The role of alexithymia in eating disorders has been exstensively studied in Western cultures. On the contrary, studies on alexithymia in the Far East are rare, and its possible role in eating disorders is yet unstudied. After discussing the history and the meaning of the concept of alexithymia in Western cultures, the present paper poses the anthropological question whether alexithymia has a different meaning in Western and Eastern cultures. The sinologist literature on the topic of emotions in China is fi rstly addressed, followed by a review of empirical studies on eating disorders in China. Finally, the results of a preliminary study that compared the role of alexithymia in Italian and Chinese eating disorders are discussed, stressing that the signifi cantly lower alexithymia scores in Chinese eating disorders might be interpreted as strictly connected with the native culture, that is the tendency of Chinese girls to give socially desirable answers. Accordingly, a relevant pathoplastic role of the native culture not only on symptoms, but even on basic traits like alexithymia is suggested.
Keywords anorexia  alexithymia  culture  ethnicity
Categories (categorize this paper)
Edit this record
Mark as duplicate
Export citation
Find it on Scholar
Request removal from index
Revision history

Download options

PhilArchive copy

 PhilArchive page | Other versions
External links

Setup an account with your affiliations in order to access resources via your University's proxy server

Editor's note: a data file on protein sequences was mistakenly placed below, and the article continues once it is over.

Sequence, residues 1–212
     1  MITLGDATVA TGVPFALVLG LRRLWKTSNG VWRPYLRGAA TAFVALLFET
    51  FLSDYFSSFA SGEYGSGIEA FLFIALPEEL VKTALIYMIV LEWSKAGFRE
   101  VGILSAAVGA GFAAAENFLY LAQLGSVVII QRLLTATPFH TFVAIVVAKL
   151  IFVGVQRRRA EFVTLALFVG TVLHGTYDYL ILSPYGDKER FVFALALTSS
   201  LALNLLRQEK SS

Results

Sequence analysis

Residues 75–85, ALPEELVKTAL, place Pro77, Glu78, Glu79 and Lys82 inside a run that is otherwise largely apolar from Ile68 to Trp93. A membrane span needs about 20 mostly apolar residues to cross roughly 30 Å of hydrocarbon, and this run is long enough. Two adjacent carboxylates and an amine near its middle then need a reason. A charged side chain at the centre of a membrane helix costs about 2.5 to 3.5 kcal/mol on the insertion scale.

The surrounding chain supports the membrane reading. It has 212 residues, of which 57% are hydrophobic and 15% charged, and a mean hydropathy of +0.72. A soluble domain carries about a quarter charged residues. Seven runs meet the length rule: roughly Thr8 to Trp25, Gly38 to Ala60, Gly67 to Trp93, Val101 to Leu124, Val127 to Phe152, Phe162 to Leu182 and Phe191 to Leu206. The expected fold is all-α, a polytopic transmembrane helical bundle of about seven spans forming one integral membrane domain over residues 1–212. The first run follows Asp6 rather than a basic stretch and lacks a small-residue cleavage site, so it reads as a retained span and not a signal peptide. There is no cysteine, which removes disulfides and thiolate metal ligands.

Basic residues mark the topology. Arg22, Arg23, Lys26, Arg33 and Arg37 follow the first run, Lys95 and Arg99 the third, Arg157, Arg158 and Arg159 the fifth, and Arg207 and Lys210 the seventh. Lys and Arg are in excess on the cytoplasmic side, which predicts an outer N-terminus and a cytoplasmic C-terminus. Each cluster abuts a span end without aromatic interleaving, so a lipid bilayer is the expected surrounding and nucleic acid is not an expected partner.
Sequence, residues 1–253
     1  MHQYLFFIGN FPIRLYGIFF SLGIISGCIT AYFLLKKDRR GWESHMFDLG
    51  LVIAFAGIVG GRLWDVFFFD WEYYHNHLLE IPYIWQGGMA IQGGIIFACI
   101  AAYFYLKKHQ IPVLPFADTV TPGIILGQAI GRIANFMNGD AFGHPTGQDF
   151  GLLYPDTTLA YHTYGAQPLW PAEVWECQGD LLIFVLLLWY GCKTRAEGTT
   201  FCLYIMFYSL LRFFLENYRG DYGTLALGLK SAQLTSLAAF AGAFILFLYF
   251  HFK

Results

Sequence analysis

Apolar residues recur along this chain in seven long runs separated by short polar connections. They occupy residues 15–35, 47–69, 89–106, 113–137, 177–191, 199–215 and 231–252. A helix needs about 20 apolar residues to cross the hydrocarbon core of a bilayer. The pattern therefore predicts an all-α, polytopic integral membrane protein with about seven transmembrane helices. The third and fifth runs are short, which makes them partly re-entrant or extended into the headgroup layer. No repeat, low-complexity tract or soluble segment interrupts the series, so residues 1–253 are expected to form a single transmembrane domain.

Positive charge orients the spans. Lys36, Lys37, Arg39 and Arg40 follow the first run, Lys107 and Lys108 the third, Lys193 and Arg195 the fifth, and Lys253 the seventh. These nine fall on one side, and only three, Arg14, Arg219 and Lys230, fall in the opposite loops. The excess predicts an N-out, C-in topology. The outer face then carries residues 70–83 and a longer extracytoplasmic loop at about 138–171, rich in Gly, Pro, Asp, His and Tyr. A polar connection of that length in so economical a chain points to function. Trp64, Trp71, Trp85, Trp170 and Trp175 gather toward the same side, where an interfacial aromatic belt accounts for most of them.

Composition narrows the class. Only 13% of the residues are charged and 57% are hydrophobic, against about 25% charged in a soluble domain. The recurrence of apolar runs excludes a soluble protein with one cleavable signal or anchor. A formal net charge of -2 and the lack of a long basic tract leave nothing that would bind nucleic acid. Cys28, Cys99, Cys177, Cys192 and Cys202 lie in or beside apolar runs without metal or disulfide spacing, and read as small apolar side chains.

Configure custom proxy (use this if your affiliation does not provide a proxy)
Through your library

References found in this work BETA

No references found.

Add more references

Citations of this work BETA

No citations found.

Add more citations

Similar books and articles

Bulemia and Anorexia in an Advertising Context.Robin T. Peterson - 1987 - Journal of Business Ethics 6 (6):495 - 504.
The Fisherman and the Assassin: Reflections on Anorexia Nervosa.Simona Giordano - 2010 - Philosophy, Psychiatry, and Psychology 17 (2):163-167.
Cultural and Historical Aspects of Eating Disorders.Jules R. Bemporad - 1997 - Theoretical Medicine and Bioethics 18 (4).
Eating Disorders.Rida Usman Khalafzai - 2009 - Chisholm Health Ethics Bulletin 15 (1):5.
Elements of Dynamics VI: The Dynamic Unconscious and Unconscious Dynamics.David V. Forrest - 2005 - Journal of the American Academy of Psychoanalysis and Dynamic Psychiatry 33 (3):547-560.
Eating Disorders: The Ethics of Media Reporting.Noelle Graham - 2010 - Bioethics Research Notes 22 (2):25.
Case StudyCommentaryCommentary. Denial - 2010 - Hastings Center Report 40 (6).
Responsibility Without Blame: Philosophical Reflections on Clinical Practice.Hanna Pickard - 2013 - In Bill Fulford, Martin Davies, Richard Gipps, George Graham, John Sadler, Giovanni Stanghellini & Tim Thornton (eds.), The Oxford Handbook of Philosophy and Psychiatry. Oxford University Press.


Added to PP index

Total views
217 ( #51,458 of 2,498,399 )

Recent downloads (6 months)
11 ( #67,621 of 2,498,399 )

How can I increase my downloads?


My notes